Chiliboy Ralepelle B sample tests positive for banned substance

03 April 2019 - 14:47 By Khanyiso Tshwaku
Chiliboy Ralepelle of the Cell C Sharks on attack and James Venter of the Xerox Golden Lions looks to make a tackle during the Currie Cup, Semi Final match between Cell C Sharks and Xerox Golden Lions at Jonsson Kings Park on October 20, 2018 in Durban, South Africa.
Chiliboy Ralepelle of the Cell C Sharks on attack and James Venter of the Xerox Golden Lions looks to make a tackle during the Currie Cup, Semi Final match between Cell C Sharks and Xerox Golden Lions at Jonsson Kings Park on October 20, 2018 in Durban, South Africa.
Image: Steve Haag/Gallo Images

Sharks hooker Chiliboy Ralepelle faces a fight to save his career after his “B-Sample” tested positive for the banned substance Zeranol.

Ralepelle‚ who has had two positive drug tests in his career in 2010 and 2014‚ was tested in a random check by the SA Institute for Drug Free Sport (Saids) earlier this year. His A-Sample tested positive and Ralepelle asked to have his B-Sample analysed.

He was cleared in 2010 after traces of Methylhexanamine found in his system were because of a supplement provided to him by SA Rugby.

When he was playing for French Top 14 Club Toulouse‚ he tested positive for Drostanolone in 2014 and was banned for two years.

A Saids statement said the B-Sample confirmed the presence of the substance and both samples are tested from the same urine.

“The B-sample result of Sharks rugby player‚ Mahlatse Chilliboy Ralepelle‚ confirmed the presence of the banned substance‚ Zeranol‚” the statement read.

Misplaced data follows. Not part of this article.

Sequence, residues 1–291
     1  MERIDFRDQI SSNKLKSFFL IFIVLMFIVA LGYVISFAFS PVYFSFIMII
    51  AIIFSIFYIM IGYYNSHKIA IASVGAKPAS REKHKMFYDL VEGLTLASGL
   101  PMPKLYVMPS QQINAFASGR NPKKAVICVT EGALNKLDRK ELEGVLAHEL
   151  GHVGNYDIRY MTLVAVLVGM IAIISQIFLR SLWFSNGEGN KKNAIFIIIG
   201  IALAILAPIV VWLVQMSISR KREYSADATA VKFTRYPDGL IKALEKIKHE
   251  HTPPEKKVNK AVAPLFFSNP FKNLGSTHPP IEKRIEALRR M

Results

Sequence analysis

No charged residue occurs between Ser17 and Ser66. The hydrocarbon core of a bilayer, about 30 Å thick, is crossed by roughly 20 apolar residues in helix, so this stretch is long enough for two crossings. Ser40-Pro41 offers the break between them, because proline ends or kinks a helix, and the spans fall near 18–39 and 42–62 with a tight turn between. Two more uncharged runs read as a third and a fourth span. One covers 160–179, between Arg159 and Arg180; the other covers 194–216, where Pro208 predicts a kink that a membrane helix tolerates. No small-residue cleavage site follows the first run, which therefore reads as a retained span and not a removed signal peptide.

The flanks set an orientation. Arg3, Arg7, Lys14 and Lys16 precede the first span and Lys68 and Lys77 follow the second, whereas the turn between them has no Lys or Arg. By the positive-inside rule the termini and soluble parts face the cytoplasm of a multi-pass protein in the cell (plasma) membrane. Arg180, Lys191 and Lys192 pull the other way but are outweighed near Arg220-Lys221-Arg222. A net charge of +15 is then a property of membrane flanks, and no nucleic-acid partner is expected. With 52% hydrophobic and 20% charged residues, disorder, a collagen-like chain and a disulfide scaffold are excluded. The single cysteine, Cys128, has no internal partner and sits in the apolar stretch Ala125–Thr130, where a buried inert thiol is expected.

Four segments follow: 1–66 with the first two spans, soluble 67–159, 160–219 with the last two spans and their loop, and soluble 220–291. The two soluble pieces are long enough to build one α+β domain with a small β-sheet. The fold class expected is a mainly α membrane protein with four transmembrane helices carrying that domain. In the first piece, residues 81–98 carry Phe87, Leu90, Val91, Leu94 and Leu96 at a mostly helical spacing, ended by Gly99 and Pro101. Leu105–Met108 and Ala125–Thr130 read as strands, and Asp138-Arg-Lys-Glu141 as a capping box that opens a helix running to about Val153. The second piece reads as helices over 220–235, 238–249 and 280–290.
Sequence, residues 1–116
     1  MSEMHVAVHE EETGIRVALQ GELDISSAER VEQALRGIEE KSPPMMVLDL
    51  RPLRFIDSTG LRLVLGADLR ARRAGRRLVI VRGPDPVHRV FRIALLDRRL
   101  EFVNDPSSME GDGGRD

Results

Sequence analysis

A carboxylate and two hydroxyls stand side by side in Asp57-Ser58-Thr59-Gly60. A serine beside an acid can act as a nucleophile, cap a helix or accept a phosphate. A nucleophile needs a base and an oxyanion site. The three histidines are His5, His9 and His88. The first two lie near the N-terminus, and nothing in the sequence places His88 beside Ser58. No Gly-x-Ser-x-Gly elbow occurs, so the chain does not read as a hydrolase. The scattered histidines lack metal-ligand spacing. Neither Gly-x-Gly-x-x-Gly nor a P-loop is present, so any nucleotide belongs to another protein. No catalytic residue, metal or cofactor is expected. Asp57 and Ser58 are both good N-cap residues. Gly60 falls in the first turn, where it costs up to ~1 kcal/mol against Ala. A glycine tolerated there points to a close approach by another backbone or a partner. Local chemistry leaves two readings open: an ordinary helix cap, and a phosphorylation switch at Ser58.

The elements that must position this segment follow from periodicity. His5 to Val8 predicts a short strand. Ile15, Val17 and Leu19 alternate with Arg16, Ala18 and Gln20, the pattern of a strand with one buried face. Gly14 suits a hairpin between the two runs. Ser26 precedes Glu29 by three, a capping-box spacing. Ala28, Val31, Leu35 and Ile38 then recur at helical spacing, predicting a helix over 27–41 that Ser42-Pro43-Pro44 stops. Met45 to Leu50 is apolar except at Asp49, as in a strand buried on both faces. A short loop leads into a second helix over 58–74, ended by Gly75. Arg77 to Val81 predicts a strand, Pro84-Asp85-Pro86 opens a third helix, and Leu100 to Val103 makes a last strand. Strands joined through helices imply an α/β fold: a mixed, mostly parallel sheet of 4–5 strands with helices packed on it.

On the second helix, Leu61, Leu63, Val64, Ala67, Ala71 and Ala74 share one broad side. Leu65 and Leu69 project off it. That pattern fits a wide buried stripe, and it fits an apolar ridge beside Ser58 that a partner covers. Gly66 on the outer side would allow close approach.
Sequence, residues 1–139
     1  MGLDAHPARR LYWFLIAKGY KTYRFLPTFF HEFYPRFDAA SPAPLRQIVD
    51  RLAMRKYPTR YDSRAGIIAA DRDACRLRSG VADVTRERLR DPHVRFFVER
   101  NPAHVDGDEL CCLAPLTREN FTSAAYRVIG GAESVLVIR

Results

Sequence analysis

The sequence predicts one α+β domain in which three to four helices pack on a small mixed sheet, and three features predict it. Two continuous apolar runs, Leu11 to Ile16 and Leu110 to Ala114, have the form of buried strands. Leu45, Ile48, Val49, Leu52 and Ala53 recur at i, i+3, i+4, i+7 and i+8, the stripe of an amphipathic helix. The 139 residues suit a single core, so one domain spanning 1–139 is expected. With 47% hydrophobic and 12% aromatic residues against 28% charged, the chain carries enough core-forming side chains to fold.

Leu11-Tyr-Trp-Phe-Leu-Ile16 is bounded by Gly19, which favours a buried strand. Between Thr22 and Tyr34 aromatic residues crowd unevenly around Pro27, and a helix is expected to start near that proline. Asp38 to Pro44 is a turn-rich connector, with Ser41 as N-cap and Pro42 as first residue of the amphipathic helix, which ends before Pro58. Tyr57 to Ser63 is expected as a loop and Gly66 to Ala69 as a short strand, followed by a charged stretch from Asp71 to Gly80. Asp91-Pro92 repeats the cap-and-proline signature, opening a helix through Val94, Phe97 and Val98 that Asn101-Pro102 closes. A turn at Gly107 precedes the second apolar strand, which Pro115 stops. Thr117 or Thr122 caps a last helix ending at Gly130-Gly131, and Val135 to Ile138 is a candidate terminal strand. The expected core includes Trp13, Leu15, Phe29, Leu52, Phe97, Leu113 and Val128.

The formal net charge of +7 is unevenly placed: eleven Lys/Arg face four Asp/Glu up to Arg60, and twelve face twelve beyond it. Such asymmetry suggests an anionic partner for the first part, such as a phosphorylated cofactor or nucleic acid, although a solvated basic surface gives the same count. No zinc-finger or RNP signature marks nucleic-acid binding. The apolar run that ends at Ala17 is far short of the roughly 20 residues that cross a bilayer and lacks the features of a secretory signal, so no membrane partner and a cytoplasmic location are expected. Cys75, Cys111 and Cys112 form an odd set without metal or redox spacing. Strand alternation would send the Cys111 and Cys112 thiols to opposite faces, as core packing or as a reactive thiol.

“During the sample collection process‚ the athlete divides his sample into an A-sample container (60ml) and a B-sample container (30ml) and seals both containers. The B-sample container therefore contains the same urine as the A-sample container.

“Upon receipt of the athlete’s A and B-samples at the laboratory‚ only the A-sample’s seal is broken and the sample is then analysed for banned substances.

“When the presence of a banned substance is identified in the A-sample‚ the athlete is notified and has the option to accept the result or have the B-sample analysed to confirm or invalidate the A-sample result. Mr. Ralepelle exercised his right to have his B-sample analysed.”

Saids chief executive officer Khalid Galant said they wouldn't be able to comment on the matter until a final decision has been made.

All doping decisions are to be disclosed within 21 days of that decision.

“The legal representative of the athlete has been informed of the test result. The athlete now has the option of accepting the result and offering a guilty plea‚ where after a reasoned decision will be issued explaining the doping sanction‚” the statement said.

“The athlete may also submit a plea for consideration of a reduced sanction by providing mitigating circumstances.

“Should the athlete opt to contest the sample result‚ a hearing of an independent tribunal panel will be convened to adjudicate over the proceeding and hand down a decision.”

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